|"Only dull people are brilliant at breakfast"
|"The liberal soul shall be made fat, and he that watereth, shall be watered also himself."
-- Proverbs 11:25
Ratzinger then took the podium and began to speak. As soon as he finished his first sentence, a group of about eight people to the left of the crowd leaped to their feet and began chanting "Stop the Inquisition!" They chanted feverishly and loudly, their voices echoing throughout the building. The entire room was fixated on them. Activists suddenly appeared in the back of the church and began giving out fliers explaining the action. Two men on the other side of the room jumped up and, pointing at Ratzinger, began to scream, "Antichrist!" Another man jumped up, in one of the first few rows near the prelate, and yelled, "Nazi!" All over the church, angry people began to shout down the protesters who were near them; chaotic yelling matches broke out.
It was electrifying. Chills ran up and down my spine as I watched the protesters and then looked back at Ratzinger. Soon I broke into a sweat, overcome by heat, my face turning red as anger swelled up inside me: This man was the embodiment of all that had oppressed me, all the horrors I had suffered as a child. It was because of his bigotry that my family, my church -- everyone around me -- had alienated me, and it was because of his bigotry that I was called "faggot" in school. Because of his bigotry I was treated like garbage. He was responsible for the hell I'd endured. He and his kind were the people who forced me to live in shame, in the closet. I became livid.
I looked at Cardinal O’Connor, who had buried his head in his hands, and I recognized the man sitting next to him. It was O’Connor’s spokesman and right-hand man, Father Finn, who had been the dean of students back at my all-boys high school, Monsignor Farrell on Staten Island. A vivid scene flashed in front of my eyes: The horrible day when I was in the principal’s office talking to the principal, the guidance counselor, and the dean. It was the day they threw me out, after I’d gotten in one too many fist fights with boys who’d labeled me a fag, after I’d had sex with several guys (who then tried to distance themselves by targeting me). I looked back at Ratzinger, my eyes burning; a powerful surge went through my body. The shouting had subsided a bit because some of the brothers had gotten in front of the room to calm the crowd. The police had arrived and were carting away protesters.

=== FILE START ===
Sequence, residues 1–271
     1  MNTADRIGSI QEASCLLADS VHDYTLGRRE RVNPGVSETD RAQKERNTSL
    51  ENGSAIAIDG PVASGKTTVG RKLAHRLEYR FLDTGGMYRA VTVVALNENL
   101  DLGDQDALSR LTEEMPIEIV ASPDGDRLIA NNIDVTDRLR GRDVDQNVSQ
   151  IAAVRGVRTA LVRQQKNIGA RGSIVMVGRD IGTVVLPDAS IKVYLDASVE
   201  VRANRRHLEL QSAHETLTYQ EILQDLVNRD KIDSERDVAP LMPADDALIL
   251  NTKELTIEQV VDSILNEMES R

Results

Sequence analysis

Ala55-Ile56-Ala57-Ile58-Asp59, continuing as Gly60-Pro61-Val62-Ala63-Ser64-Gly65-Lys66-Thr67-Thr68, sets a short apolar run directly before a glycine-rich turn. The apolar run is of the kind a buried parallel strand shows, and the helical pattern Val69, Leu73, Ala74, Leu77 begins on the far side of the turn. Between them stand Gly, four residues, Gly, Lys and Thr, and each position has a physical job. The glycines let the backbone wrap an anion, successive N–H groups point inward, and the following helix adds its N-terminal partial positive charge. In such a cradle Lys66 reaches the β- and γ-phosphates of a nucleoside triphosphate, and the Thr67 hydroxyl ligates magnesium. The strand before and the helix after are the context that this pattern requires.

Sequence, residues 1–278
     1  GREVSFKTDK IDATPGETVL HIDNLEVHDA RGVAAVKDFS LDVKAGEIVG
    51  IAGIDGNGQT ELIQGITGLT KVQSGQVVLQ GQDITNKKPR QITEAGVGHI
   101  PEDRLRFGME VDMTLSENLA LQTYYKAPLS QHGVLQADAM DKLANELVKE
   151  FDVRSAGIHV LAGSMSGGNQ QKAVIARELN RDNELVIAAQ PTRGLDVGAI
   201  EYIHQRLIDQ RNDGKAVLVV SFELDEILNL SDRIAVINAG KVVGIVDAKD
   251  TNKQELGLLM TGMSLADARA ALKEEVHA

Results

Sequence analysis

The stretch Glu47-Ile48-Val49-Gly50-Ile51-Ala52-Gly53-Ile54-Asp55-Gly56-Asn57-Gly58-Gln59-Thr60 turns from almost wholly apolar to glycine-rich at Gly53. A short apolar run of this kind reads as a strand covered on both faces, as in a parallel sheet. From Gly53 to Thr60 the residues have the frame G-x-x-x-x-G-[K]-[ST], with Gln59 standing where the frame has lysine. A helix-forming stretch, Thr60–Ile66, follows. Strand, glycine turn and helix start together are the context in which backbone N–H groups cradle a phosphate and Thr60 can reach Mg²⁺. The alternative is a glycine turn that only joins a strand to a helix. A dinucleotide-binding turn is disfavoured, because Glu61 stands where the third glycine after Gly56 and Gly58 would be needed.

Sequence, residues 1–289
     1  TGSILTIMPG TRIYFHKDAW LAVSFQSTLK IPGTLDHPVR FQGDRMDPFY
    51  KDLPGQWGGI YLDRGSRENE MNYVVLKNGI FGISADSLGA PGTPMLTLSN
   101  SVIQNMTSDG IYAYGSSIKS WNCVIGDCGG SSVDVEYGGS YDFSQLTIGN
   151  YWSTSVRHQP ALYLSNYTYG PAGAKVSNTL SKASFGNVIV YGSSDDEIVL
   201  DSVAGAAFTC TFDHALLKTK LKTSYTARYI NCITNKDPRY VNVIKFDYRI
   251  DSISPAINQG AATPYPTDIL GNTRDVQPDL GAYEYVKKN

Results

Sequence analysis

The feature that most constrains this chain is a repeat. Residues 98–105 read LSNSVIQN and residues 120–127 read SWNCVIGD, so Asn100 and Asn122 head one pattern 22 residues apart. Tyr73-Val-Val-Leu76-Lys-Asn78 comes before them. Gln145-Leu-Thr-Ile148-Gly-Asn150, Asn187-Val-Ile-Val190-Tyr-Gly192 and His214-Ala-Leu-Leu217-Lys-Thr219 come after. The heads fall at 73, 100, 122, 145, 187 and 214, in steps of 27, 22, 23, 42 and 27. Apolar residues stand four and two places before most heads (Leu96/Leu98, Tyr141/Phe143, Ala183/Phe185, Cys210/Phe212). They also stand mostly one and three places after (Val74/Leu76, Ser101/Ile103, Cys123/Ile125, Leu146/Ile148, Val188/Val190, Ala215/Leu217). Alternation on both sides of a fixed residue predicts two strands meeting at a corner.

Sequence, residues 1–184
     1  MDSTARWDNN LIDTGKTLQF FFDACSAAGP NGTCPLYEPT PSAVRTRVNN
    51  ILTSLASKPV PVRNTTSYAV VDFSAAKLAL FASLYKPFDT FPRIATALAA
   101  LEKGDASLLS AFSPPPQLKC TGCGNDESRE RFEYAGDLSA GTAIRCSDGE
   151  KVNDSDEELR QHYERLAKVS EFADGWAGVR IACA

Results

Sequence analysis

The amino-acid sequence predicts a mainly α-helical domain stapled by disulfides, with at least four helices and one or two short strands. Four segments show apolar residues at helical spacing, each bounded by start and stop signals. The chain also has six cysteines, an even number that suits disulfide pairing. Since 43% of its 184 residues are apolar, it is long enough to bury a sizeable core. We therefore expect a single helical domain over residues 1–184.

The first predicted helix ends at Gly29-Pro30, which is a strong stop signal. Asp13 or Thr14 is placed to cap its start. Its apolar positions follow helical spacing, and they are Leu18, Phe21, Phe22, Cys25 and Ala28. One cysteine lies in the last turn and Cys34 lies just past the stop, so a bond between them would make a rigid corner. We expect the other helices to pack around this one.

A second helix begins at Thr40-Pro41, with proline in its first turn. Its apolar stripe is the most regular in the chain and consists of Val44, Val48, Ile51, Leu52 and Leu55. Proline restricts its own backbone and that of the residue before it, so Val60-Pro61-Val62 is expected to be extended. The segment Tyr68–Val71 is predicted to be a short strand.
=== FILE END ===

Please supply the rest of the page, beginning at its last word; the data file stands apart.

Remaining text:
Suddenly, I jumped up on one of the marble platforms and, looking down, I addressed the entire congregation in the loudest voice I could. My voice rang out as if it were amplified. I pointed at Ratzinger and shouted:
"He is no man of God!"
The shocked faces of the assembled Catholics turned to the back of the room to look at me as I continued:
"He is no man of God -- he is the Devil!"